Although I was planning on posting tomorrow, I was thinking so much about our hike yesterday that we did on our day off, that I decided to post today. Yesterday, we hiked to the Old Chamunda Temple, about 17 km each way. There is the new Chamunda Temple that was built years ago, which is on the main road in Chamunda, but, as people we met told us, last year, a fire burned much of the temple. The statue of Chamunda Devi survived however, so it was consequently moved back up to the mountaintop temple.
The temple that we went to is very old, and is very high up, near the snowline, and only accessible by trail. We were so fortunate with all of the people who we met and got to talk to. We did most of our hike with a woman from Palampur and her daughter, who was in her early twenties. At first, I wrongly assumed that we would be going faster than them, but after going the wrong way on a very steep part a few times, it became clear to me, as Ravi had suggested, that we should all go together. I am so glad we did, as they were so incredibly nice, and the mother was so helpful, in terms of picking out shortcuts, and in many more ways.
It was great to talk to other people along the way, and so interesting to imagine what it must be like to live so high up in the mountains, and have to hike for hours to reach the town. There were some small shops where people could sit and rest along the way. At one of these, I asked how many hours were left. The man responded, "No, this isn’t about asking how many this, how many that. Don’t be looking toward the top of the mountain. You look down, where your feet are stepping, and all along the way, you just keep saying, Jai Mata Di, Jai Mata Di.:
He was so right, as it took us around 7 hours to reach the top. Every time we looked, there was a higher mountain to reach, and if someone told us we had some amount of kilometers left, we would ask an hour later and sometimes we would be told there were more kilometers left than last time! The hike was challenging, as most of my hikes have been up and down, rather than straight up for that long, and I am so thankful of Soumya (another awesome intern who lives at the center) and Ravi for coming, even though they weren’t as much into hiking as I am. We all still can’t believe we made it.
We were very lucky with the day we picked, not just because of the good weather, but because it was a special day. It was the first day that there was water at the top of the temple. Before, they used to bring up about 50 L each day by horse, and have to ration it out. However, at another of the small stores, one of the men told us that the locals themselves decided to built an 8 kilometer pipeline from a different mountain, where there is always snow and thus always water, to the temple. Thus, we got there not only to find plenty of water, but a celebration, and dham (a multi-course meal usually given at celebratory occasions).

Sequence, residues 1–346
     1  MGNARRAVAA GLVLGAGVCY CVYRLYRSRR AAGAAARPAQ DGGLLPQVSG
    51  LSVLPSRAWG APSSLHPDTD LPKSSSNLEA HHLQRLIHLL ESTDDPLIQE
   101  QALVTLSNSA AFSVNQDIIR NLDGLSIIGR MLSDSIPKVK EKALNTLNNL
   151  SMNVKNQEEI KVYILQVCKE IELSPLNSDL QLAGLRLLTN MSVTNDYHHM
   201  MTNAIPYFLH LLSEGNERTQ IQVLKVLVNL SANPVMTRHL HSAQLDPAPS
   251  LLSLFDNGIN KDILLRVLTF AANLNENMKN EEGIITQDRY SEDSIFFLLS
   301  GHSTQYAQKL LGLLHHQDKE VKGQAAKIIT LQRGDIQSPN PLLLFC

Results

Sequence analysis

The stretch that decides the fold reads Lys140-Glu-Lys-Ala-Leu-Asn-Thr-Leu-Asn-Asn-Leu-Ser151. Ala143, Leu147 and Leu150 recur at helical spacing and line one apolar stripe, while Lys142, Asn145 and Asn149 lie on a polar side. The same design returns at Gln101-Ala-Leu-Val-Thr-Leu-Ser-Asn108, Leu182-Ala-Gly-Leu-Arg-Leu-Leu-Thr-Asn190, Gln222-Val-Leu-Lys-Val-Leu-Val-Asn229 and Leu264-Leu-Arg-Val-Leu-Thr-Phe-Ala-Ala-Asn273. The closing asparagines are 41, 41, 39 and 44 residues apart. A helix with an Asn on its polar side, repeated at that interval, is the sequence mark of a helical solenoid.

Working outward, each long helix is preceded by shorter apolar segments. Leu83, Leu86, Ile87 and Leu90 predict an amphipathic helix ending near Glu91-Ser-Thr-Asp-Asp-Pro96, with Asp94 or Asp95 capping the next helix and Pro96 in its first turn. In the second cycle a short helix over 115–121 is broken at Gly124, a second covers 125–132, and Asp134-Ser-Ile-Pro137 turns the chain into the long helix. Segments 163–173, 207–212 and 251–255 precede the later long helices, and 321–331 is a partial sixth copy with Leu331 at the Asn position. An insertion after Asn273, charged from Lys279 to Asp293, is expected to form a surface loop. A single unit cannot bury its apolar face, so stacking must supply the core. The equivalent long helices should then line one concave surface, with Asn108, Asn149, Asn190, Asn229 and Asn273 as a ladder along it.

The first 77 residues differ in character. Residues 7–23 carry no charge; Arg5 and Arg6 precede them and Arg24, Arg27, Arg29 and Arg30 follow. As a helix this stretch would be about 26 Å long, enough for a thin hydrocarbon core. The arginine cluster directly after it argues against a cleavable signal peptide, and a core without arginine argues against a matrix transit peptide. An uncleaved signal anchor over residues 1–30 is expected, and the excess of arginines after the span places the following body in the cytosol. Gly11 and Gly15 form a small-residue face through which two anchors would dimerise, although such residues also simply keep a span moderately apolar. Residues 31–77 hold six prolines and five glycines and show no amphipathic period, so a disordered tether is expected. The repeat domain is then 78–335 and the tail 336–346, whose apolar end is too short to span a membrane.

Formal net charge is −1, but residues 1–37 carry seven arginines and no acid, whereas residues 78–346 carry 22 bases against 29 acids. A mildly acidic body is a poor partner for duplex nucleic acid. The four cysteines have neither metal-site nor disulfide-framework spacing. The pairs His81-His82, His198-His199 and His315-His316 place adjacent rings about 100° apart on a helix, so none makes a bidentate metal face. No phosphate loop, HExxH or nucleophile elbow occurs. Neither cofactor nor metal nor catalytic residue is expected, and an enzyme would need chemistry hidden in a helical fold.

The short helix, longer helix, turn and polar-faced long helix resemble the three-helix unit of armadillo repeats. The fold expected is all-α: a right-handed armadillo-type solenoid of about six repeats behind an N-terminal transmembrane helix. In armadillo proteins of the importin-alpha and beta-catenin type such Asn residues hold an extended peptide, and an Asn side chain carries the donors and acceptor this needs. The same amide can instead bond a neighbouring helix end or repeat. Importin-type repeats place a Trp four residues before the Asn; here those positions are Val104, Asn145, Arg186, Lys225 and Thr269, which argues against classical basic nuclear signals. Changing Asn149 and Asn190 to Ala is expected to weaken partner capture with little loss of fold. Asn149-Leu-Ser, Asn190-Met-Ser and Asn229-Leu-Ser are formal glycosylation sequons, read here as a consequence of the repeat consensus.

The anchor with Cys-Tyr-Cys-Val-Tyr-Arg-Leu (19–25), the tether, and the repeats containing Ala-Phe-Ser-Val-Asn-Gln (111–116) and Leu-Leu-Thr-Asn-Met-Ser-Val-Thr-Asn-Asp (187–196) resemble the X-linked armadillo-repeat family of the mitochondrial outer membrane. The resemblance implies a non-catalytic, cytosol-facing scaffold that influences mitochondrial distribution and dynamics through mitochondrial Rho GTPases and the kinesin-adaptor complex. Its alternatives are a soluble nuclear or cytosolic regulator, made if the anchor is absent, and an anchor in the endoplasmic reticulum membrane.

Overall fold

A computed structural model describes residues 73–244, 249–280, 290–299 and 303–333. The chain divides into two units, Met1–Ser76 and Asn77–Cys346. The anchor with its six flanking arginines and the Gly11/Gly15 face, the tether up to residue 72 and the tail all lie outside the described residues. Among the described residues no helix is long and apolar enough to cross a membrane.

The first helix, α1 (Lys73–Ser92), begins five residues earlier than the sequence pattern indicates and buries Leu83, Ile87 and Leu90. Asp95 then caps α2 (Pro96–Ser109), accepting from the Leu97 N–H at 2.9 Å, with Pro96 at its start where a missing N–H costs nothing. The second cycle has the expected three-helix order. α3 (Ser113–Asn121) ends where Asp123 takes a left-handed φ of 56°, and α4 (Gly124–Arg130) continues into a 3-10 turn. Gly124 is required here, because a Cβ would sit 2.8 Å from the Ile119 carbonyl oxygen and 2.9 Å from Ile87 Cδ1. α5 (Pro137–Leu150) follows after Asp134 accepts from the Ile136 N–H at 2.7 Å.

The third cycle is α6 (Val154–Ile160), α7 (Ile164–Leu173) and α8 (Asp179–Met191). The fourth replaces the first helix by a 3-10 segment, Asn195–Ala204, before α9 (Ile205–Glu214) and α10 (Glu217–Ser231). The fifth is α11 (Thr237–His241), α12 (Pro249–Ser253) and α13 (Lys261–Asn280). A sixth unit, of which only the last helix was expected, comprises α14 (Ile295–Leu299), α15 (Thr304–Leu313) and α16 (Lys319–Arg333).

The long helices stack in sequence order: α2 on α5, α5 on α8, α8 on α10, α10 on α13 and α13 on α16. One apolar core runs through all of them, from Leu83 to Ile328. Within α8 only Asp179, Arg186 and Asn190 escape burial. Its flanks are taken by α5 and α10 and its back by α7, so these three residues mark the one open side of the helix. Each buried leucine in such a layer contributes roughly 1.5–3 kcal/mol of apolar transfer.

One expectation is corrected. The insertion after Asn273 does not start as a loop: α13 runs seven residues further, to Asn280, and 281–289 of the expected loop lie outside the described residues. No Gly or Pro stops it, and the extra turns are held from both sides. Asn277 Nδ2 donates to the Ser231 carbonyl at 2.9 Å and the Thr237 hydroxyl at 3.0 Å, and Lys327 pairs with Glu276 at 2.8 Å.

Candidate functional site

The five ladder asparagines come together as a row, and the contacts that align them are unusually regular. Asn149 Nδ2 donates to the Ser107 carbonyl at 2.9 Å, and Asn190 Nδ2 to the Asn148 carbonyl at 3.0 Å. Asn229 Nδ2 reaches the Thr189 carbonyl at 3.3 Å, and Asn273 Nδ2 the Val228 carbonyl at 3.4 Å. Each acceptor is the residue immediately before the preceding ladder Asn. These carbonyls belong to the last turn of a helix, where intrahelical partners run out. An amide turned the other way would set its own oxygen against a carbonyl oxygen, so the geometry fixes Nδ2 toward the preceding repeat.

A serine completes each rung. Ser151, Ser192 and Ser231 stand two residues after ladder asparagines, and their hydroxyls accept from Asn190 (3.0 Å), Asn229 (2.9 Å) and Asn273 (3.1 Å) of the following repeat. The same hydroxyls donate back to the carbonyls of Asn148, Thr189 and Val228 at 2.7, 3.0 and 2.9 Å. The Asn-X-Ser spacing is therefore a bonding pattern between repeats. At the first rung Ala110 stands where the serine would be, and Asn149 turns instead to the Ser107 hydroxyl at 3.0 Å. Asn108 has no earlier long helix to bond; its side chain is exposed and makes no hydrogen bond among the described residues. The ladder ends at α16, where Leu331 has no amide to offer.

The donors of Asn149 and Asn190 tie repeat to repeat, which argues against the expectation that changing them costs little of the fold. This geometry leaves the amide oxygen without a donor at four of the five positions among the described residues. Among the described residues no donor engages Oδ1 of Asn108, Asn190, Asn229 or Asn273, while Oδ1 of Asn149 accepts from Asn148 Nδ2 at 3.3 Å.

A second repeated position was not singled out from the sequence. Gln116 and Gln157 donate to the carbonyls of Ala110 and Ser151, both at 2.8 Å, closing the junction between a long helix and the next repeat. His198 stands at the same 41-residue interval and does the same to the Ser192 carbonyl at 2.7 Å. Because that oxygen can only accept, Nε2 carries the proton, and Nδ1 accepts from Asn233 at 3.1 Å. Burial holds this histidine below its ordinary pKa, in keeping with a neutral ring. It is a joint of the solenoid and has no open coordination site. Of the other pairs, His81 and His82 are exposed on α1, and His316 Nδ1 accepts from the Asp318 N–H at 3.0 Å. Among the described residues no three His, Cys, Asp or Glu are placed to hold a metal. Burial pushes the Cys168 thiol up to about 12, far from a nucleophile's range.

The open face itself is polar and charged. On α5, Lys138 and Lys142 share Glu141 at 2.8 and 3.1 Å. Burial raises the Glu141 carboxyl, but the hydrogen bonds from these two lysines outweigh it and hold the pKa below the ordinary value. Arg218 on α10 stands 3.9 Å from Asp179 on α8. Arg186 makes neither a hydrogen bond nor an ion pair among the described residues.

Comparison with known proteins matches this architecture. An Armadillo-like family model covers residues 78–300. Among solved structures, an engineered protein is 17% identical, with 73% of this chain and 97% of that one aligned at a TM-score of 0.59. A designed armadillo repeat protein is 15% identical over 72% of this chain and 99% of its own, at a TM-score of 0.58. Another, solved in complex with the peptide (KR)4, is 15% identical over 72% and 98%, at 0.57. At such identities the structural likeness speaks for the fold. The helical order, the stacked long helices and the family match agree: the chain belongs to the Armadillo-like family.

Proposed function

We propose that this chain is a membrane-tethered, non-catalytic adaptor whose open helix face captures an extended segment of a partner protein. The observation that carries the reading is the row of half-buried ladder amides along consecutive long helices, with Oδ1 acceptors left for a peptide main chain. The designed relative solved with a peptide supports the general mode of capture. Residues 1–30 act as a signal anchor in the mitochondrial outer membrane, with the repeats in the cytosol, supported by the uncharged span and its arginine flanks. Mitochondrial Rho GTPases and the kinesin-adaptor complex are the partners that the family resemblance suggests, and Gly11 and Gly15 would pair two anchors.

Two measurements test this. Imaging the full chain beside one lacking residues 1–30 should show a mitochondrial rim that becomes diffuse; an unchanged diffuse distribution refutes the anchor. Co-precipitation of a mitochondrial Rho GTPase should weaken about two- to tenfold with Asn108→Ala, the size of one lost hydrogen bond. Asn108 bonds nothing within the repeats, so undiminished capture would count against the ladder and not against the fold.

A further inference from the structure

It was amazing to see so many people of all ages making the trek, with ease. We met an old man who said he had heart problems, and children about 6 years old, running up and down from their father, who was higher up, to their mother, who hiked with us for a time. We also encountered an elderly religious man, who told us more about the temple, and talked about his love for India, and the concept of a family that can encompass a whole village or a whole nation. On the way down, we were passed by about a dozen young women, who were singing lively songs in Pahardi (the local language).
One evening, us four interns staying at the center decided to do some bonding, and took turns answering questions about ourselves. One was to describe a perfect day, which I described as a day where I woke up, and hiked the whole day, with friends. At the end, Soumya commented that it had been my perfect day. It is definitely the steepest hike I have done, and at every turn, the view was absolutely amazing. When we got to the top, we were in the middle of a cloud, so just seeing nothing but white on all sides was an amazing feeling of its own. I’d like to learn more about the history behind this temple, and am so thankful to have had this experience and to all the people I shared it with.